I hope this information is helpful. Thailand is such a wonderful country, the visa processes are relatively easy and most importantly…BOLT will be there! We hope to see you soon.
As promised, here is another review of a Thousand Trails resort. Like the one we shared about in Palm Springs, Soledad Canyon is included in our membership.Soledad Canyon RV Resort is located in the Antelope Valley. It was a pleasant hour and a half drive from south Los Angeles.Its an enormous park with lots of full hook up sites to choose from.Its very cold here this weekend but I took a very nice walk and got a lot of pictures of the amenities.There are lots of cabins for rent.Im hoping it will be warm enough to get in the pool and jacuzzi today.There are cute little playgrounds throughout the park.The recreation lodge is very nice and well equipped with billards tables, puzzles and comfy chairs.Soledad Canyon offers RV spots that you can lease year round. These people have theirs set up very well.I love to walk and explore. I’m looking forward to checking out this walking trail when Kathy can join me.While the coldness is not ideal, Soledad Canyon offers a peaceful and spacious get away from the hustle and bustle of Los Angeles. If you are interested in a Thousand Trails membership or have questions about the RV life please contact us at email@example.com.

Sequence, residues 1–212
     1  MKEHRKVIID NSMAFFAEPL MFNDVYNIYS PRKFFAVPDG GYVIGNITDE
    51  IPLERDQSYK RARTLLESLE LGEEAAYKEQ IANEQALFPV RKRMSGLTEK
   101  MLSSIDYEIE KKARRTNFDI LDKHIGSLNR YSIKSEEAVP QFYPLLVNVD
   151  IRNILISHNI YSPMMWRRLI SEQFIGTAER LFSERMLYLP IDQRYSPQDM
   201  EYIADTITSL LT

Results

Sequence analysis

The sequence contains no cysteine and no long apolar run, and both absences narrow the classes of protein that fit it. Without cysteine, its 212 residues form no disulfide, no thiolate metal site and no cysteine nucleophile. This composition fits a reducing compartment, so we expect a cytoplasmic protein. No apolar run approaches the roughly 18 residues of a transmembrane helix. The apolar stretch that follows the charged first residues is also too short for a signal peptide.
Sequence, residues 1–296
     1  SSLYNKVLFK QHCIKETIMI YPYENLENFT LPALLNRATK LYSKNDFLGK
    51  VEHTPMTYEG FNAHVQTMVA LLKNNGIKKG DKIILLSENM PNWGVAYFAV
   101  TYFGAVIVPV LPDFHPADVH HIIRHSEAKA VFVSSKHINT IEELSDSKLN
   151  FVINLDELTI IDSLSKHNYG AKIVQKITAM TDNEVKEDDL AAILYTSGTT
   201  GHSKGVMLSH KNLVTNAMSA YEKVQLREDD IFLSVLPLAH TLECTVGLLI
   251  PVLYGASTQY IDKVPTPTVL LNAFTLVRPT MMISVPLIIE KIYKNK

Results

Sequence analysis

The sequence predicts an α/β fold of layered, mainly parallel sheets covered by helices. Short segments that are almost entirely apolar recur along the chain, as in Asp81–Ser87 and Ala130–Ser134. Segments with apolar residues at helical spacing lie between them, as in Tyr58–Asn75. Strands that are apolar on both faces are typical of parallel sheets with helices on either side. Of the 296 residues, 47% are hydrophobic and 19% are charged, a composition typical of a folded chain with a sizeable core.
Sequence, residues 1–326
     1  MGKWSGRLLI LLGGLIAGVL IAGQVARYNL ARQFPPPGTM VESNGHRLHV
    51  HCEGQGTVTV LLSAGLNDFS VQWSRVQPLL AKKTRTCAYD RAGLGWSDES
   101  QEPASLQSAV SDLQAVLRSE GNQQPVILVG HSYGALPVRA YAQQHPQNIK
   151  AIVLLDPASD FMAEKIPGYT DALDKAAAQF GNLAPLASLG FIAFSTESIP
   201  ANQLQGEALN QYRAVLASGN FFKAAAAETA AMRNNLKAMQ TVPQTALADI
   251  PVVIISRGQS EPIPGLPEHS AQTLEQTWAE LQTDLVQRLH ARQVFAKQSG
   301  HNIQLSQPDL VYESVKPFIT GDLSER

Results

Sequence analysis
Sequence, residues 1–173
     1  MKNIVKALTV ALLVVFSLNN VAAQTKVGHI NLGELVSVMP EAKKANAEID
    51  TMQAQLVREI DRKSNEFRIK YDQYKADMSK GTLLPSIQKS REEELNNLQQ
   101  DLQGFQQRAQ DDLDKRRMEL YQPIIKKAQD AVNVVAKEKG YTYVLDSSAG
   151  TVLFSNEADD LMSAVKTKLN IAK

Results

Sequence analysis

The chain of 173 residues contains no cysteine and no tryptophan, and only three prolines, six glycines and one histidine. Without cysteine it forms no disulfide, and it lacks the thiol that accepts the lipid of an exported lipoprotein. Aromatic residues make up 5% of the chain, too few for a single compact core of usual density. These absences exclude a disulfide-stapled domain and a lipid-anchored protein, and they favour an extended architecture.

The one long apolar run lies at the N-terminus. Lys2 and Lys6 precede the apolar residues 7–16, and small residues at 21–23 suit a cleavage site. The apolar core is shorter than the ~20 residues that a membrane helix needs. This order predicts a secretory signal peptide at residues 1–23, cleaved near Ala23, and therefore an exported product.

Compared to our last border crossing (Tijuana with a 6 hour line of cars and bomb threats), today’s crossing was a breeze. We left Puerto Penasco this morning around noon headed for the border at Sonoyta.
Sonoyta is a small town in the Mexican state of Sonora. It’s right next to Lukeville, Arizona. The crossing station is only open from 6am to 6pm daily and is little used. There was one car ahead of us when we crossed at 11:30 am.
We had our passports ready and encountered no real problem. A U.S. Department of Agriculture agent did come into Winnie and left with a carton of eggs, some frozen chicken, potatoes and soy chorizo. Had we known we could have left those things in Puerto Penasco. Here’s a link for what foods can be brought from Mexico to the U.S.
The drive after crossing was quite lovely. Lots of cacti and small towns. We took highway 8 all the way. Right now we are spending the night in Campo, California and enjoying a beautiful sunset. One great thing about RV life is that home is where you parked it!